Abstinence vs. Sex Ed.
Which approach is most reasonable for today's kids?
The Risks Teens Face
The supporters of abstinence argue that it is the only infallible way to prevent sexually transmitted diseases and unwanted pregnancies. But, by definition, abstinence works only when teens are sexually inactive -- without exception. Unfortunately, statistics indicate that one-fourth of 15-year-olds have had sexual intercourse at least once, and more than half of 17-year-olds are sexually active, according to the Institute.
The risks are even more startling: A sexually active teenage girl who has sex without contraception has a 90% chance of becoming pregnant within a year, according to the Institute. Just as disturbing is that in a single act of vaginal intercourse with an infected male partner, a female teenager has a 30% risk of contracting genital herpes, a 50% chance of contracting gonorrhea, and a 1 in 100 chance of acquiring HIV.
Which Approach Is Best?
To advocates of the abstinence-only approach, these disturbing statistics make it abundantly clear that a simple message of "no sex outside of marriage" for teens is the only appropriate one for educators to take. "The responsibility of a public institution serving kids is risk avoidance, not harm reduction," says Peter Brandt, President of the National Coalition for Abstinence Education in Colorado Springs and the parent of twotwenty-somethings. "Schools teach 'no smoking' and 'no drinking.' They don't say 'if you smoke, use a filter' or 'if you drink and drive, wear your safety belt.' Why should sex be treated differently?"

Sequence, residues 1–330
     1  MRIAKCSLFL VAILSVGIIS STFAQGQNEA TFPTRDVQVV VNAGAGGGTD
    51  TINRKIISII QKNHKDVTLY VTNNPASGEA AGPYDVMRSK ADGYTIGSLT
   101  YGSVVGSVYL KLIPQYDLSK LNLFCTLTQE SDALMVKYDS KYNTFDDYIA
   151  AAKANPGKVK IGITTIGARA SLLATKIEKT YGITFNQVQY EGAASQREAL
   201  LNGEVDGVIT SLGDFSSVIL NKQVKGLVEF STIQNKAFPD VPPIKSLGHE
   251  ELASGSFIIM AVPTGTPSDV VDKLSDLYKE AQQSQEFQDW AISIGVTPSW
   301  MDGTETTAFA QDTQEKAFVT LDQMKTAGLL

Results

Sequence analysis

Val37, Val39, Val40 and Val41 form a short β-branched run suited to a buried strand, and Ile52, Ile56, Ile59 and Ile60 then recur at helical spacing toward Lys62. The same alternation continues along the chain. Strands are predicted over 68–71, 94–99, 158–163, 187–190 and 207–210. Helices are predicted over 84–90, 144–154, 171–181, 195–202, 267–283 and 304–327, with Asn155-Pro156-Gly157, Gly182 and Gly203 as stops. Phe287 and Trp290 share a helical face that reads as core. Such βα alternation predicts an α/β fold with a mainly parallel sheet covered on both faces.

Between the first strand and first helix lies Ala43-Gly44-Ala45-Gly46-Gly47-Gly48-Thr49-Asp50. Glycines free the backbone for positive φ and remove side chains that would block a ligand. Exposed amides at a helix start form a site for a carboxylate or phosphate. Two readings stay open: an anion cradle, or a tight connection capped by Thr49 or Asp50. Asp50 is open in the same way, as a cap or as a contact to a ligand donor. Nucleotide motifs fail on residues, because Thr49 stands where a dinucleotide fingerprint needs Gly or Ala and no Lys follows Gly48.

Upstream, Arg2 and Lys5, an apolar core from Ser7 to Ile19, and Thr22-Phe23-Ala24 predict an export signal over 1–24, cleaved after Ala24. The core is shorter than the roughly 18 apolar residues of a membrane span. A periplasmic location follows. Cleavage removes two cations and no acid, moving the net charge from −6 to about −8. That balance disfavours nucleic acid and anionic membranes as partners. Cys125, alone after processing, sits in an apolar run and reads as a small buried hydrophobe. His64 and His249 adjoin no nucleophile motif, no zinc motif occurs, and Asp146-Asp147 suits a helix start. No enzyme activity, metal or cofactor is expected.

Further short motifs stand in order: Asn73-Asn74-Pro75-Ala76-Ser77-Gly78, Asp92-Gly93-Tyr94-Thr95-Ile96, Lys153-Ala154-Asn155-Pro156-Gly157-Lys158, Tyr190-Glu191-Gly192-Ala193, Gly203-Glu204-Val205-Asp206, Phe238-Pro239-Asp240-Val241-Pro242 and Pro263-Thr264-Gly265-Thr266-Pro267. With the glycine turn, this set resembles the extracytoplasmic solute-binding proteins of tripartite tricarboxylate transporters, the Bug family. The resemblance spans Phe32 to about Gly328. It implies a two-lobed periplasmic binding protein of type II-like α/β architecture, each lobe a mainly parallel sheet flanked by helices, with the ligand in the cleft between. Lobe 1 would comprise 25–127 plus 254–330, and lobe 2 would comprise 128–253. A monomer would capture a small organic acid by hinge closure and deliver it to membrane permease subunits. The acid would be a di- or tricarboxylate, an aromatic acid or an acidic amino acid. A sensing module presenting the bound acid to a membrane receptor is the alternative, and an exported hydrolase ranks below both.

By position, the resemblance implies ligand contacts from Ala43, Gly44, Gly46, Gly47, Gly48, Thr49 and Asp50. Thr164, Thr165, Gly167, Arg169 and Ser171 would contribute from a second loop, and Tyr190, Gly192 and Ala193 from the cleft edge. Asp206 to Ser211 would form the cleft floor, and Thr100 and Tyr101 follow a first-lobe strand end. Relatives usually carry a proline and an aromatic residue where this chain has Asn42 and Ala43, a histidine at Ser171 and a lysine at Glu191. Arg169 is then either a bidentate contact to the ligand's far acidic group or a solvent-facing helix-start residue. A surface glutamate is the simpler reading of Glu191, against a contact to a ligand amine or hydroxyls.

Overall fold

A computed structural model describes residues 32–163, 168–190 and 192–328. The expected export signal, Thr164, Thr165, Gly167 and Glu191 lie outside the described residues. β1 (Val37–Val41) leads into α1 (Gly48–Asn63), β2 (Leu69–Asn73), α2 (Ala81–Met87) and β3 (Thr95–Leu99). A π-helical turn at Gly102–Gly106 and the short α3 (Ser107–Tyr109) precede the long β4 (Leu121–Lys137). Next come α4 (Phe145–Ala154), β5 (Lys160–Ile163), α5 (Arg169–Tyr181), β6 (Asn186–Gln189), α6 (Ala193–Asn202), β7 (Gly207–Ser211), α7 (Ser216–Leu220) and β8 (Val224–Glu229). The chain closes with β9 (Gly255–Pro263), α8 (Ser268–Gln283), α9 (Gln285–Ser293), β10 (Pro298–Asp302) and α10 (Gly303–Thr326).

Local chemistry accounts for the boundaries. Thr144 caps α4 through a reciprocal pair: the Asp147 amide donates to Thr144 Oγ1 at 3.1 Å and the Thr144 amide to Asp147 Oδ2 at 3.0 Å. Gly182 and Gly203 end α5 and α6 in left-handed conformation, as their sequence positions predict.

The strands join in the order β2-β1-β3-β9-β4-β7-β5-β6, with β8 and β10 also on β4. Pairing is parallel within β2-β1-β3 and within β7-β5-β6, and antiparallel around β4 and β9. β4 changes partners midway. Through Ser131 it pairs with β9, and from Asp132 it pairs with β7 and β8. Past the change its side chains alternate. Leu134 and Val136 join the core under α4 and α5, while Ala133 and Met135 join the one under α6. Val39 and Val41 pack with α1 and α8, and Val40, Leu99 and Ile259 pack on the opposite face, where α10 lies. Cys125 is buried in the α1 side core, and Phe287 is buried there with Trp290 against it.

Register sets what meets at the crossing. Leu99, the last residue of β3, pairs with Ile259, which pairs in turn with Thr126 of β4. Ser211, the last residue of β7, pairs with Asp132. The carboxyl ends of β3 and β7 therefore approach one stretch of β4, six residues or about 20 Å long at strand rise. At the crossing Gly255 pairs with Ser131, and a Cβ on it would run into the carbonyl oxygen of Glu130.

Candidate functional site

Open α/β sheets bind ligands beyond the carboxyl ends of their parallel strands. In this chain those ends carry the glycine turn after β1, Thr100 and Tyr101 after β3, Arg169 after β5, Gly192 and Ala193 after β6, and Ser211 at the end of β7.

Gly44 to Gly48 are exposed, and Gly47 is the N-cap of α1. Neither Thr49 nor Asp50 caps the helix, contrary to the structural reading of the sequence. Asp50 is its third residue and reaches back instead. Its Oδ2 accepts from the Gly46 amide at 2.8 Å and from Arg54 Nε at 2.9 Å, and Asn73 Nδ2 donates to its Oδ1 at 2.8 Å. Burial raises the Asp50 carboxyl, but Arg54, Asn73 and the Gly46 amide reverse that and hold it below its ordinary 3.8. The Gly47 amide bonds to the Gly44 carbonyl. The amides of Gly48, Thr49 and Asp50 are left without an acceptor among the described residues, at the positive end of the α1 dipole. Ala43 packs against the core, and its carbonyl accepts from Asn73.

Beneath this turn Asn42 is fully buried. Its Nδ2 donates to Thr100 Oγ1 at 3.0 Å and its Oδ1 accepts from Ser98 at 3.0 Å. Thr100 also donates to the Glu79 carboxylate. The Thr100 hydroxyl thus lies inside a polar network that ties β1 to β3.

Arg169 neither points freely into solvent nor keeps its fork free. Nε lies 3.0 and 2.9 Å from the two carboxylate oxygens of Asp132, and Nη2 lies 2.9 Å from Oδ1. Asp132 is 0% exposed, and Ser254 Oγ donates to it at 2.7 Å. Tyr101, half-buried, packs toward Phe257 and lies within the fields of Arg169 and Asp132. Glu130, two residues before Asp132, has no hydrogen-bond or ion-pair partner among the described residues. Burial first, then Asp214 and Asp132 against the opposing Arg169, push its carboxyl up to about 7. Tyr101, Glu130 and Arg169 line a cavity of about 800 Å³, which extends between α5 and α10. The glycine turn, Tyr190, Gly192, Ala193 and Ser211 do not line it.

To advocates of an approach that includes contraception information, the answer to this question is easy. "Unlike smoking, which is always bad for you, sexual behavior is a basic human need which can be a positive experience -- although it requires maturity and responsibility," says Michael McGee, vice president for education at Planned Parenthood Federation of America in New York City and the father of two teenagers. When it comes to prohibiting or limiting information about contraception, McGee says,"pregnancy and STDs are not something teens should be ignorant about preventing. I think it is morally irresponsible to deprive young people of information that can save their lives."